Halacha for Sunday 10 Kislev 5779 November 18 2018

A Rainbow

One Who Looks at a Rainbow
Our Sages (Chagiga 16a) state: “The eyes of one who gazes at a rainbow are dimmed, as the verse (Yechezkel 1) states, ‘Like the appearance of a rainbow in the clouds on a rainy day, so is the radiance around and this is the appearance of the glory of Hashem.’” This means that a rainbow is similar to the appearance of the glory of Hashem. It is therefore forbidden to gaze at a rainbow too much, for this is disrespectful towards Hashem.

This matter is seemingly difficult though, for what about a rainbow can possibly resemble the appearance of the glory of Hashem? The Meiri explains that just the appearance of a rainbow is unclear as it looks green from one angle and red from another, so too, when the appearance of Hashem’s glory appeared to the prophet Yechezkel, it was in an unclear manner and was unable to decipher what it was. (For this reason, since there is some similarity between a rainbow and the appearance of Hashem’s glory, a G-d-fearing individual should not gaze at it for too long.)

In any event, halachically speaking, one should not overly gaze at a rainbow. Indeed, Maran Ha’Shulchan Aruch rules (Chapter 229) that it is forbidden to overly gaze at a rainbow. The Magen Avraham quotes the saintly Shelah as saying that gazing at a rainbow too much ruins one’s vision.

Hagaon Harav Yosef Dov Soleveichik zt”l (from Boston) explains that when our Sages taught that the eyesight of one who gazes at a rainbow is dimmed, this is not meant as a punishment; rather, our Sages intended to say that if one cannot discern the glory of Hashem within a rainbow, “his eyes are dimmed,” i.e. he is already considered blind, for he does not know what he is seeing. It is for this reason that our Sages used the term “his eyes are dimmed,” in present tense as opposed to “shall be dimmed,” in future tense. Nevertheless, it seems from the Shelah quoted by the Magen Avraham that the teaching of our Sages simply means that one who gazes at a rainbow is endangering his eyesight.

The Blessing on a Rainbow
One who sees a rainbow recites the blessing: “Baruch Ata Hashem Elokeinu Melech Ha’Olam Zocher Ha’Berit Ne’eman Bivrito Ve’Kayam Be’Ma’amaro.” The meaning of this blessing is that Hashem remembers the covenant He made with us and is loyal to the covenant He made with Noach that although there are many wicked sinners in the world and we are, G-d-forbid, deserving of another great flood upon the earth, nevertheless, Hashem is trustworthy that He shall not bring another flood upon us, as the verse states, “And when the rainbow is seen in the cloud, I shall remember my covenant.” The conclusion of the blessing, “And steadfast in His word,” means that although the rainbow was indeed created during the Six Days of Creation and is part of the laws of nature, Hashem is nevertheless steadfast in His word and since He said he would not send another flood, he shall surely fulfill His word, even without the rainbow.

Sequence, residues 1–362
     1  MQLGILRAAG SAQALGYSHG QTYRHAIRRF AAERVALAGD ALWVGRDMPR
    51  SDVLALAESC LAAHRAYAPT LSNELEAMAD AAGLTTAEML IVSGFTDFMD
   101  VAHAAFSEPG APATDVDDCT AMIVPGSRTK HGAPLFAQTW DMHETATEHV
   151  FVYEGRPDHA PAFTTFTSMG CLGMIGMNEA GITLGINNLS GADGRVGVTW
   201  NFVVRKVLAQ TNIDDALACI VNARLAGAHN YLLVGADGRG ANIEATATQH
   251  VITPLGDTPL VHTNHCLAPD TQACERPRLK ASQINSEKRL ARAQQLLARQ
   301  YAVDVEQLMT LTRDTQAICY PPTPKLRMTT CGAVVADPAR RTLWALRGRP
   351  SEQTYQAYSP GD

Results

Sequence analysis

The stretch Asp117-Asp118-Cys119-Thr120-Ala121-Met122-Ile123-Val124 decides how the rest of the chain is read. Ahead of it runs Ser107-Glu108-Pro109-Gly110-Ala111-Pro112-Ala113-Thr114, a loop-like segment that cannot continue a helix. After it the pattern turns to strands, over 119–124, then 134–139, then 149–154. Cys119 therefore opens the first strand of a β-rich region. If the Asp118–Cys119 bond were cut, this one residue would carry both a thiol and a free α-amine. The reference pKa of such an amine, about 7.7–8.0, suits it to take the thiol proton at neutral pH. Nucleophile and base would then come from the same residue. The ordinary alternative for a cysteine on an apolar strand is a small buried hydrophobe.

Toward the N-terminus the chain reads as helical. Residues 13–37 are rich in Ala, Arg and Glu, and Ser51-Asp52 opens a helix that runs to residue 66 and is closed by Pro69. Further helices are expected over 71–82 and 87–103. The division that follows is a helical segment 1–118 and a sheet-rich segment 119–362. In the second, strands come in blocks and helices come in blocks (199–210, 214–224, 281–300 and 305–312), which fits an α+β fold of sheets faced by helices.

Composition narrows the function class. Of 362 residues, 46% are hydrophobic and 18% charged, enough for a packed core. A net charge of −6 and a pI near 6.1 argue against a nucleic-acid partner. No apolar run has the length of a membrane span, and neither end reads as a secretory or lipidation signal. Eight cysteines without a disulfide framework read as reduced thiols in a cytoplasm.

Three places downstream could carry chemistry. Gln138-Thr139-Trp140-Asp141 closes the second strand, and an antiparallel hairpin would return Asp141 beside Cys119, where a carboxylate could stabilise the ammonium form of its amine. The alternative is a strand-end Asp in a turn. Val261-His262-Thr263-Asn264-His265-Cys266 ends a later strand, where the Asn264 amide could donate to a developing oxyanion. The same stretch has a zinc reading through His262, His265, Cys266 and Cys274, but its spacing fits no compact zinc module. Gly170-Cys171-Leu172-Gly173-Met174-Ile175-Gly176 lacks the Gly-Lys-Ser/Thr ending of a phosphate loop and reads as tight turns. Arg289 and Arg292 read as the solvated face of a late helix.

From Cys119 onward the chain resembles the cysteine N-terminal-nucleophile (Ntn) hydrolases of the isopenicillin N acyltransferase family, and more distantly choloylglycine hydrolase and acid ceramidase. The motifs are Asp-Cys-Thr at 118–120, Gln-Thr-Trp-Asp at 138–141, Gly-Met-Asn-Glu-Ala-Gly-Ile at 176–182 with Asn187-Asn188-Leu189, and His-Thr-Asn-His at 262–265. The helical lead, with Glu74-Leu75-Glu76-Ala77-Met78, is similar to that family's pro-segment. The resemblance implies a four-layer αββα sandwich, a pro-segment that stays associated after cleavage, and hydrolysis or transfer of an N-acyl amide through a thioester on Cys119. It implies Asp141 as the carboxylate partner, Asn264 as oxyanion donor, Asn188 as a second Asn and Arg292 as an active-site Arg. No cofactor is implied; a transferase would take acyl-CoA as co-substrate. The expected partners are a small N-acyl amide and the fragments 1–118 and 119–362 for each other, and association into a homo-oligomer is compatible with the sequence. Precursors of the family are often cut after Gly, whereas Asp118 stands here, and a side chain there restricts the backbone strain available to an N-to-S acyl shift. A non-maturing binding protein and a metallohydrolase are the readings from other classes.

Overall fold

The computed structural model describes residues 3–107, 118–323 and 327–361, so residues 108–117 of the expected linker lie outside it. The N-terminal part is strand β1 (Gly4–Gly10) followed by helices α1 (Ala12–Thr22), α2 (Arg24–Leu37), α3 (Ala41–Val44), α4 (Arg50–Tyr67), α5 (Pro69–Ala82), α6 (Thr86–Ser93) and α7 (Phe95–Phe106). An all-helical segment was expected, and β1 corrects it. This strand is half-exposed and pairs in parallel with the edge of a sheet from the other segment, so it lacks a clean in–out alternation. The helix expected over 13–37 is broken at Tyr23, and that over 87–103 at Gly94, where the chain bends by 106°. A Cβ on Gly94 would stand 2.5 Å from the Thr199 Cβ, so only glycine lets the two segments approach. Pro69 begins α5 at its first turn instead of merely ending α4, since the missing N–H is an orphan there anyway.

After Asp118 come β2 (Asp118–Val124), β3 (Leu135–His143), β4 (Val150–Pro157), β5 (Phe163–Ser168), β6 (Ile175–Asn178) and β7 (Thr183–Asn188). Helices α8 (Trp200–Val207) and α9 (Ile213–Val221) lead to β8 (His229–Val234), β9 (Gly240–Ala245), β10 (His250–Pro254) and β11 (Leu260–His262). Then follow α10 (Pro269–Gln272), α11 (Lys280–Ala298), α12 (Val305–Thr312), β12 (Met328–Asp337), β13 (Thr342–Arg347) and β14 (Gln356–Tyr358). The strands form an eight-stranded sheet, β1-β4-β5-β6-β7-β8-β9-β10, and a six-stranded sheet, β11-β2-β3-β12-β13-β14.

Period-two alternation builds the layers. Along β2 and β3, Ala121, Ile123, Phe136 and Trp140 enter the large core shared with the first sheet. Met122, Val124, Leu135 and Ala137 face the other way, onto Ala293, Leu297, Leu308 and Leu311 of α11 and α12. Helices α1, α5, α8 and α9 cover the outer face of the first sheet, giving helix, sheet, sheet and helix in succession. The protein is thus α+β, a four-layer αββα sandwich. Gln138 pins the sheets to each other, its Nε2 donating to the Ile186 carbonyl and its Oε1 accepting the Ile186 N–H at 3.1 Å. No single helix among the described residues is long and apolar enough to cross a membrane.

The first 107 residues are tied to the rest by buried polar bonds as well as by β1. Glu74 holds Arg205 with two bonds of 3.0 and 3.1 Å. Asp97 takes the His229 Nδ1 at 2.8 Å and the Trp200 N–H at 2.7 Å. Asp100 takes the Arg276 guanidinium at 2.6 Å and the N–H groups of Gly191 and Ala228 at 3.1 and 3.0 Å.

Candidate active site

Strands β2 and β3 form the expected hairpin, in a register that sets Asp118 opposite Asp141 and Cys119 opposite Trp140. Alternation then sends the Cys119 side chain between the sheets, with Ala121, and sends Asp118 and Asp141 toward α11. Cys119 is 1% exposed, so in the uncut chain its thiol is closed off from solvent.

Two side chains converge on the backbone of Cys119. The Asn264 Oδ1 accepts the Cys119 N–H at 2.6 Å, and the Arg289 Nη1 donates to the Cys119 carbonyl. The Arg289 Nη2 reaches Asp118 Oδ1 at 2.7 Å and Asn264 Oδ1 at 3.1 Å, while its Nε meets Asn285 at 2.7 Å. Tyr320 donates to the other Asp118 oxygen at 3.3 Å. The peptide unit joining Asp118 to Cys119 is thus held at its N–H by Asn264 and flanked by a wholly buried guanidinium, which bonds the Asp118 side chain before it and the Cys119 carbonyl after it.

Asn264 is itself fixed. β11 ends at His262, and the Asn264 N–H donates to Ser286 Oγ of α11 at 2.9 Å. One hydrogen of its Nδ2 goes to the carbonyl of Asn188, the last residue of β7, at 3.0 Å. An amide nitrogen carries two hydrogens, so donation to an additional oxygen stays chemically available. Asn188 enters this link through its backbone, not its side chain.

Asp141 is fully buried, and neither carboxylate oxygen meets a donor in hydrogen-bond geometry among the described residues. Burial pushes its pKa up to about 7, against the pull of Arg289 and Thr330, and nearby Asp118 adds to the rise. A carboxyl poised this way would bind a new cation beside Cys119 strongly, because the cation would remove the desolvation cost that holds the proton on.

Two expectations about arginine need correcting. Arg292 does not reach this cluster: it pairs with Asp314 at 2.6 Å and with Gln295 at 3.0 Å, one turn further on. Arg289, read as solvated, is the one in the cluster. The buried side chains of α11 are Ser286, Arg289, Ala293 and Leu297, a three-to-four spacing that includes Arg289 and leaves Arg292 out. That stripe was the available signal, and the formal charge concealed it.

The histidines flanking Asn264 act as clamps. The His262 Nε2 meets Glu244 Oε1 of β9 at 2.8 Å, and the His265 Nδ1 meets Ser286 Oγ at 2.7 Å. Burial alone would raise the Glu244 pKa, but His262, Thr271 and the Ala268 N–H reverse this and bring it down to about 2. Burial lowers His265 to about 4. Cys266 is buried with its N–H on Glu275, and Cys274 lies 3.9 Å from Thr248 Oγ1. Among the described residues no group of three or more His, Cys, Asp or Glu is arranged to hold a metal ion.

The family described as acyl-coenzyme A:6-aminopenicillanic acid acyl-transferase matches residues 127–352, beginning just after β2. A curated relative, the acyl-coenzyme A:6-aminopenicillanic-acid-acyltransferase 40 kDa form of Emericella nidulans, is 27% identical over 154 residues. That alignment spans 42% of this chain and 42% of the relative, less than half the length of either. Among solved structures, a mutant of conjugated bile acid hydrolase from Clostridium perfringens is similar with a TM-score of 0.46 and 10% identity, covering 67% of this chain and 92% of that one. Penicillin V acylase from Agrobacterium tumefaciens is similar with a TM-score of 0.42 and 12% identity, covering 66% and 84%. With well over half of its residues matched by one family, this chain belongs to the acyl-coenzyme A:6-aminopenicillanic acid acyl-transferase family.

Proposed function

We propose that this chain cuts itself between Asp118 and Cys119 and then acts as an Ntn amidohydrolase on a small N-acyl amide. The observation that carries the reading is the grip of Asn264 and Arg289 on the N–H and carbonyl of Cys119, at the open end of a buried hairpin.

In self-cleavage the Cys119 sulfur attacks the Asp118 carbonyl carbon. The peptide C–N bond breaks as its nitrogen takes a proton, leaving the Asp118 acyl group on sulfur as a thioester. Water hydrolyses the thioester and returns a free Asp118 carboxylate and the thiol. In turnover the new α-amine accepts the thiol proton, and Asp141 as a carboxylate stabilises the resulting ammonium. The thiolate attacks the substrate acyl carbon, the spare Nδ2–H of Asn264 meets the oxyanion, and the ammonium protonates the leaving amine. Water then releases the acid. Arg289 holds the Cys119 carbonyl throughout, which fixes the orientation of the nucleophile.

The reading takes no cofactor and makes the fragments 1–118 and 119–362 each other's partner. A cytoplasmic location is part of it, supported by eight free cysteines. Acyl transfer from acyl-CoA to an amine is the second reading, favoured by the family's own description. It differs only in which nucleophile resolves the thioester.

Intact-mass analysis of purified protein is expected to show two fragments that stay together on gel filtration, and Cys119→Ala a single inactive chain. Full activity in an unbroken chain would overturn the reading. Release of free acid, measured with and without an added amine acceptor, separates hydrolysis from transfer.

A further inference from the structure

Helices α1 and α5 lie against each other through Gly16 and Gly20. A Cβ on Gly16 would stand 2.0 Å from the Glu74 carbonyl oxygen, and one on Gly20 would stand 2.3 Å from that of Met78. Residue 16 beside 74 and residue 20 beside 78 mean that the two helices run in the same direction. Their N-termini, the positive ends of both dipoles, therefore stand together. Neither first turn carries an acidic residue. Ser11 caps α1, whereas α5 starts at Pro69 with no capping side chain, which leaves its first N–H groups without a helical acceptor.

If the Blessing is Only Recited on a Full Rainbow
Hagaon Mishnah Berura writes in his Be’ur Halacha that it is unclear from the Poskim if one must see the entire rainbow, i.e. a complete half-circle or arch, in order to recite the blessing or if it is sufficient to see even part of the rainbow. Maran Rabbeinu Ovadia Yosef zt”l in his Chazon Ovadia-Berachot quotes the Sefer Ha’Berit who writes that when only a partial rainbow appears in the sky, it is possible that this is not the kind of rainbow a blessing is recited upon to begin with, for only when a rainbow is complete should a blessing be recited; not every time a prism of colors appears in the sky should a blessing be recited. Thus, following the rule of “when in doubt regarding a blessing, do not bless,” one should not recite a blessing on such a rainbow. On the other hand, Hagaon Harav Shalom Mizrahi zt”l (a member of Maran zt”l’s rabbinical court) writes that it seems that there is no distinction and any time one sees any form of a rainbow, one should recite a blessing. However, it is best to be concerned for a doubt regarding blessings and not recite a blessing on a partial rainbow. Nevertheless, one who recites a blessing upon seeing part of a rainbow has on whom to rely.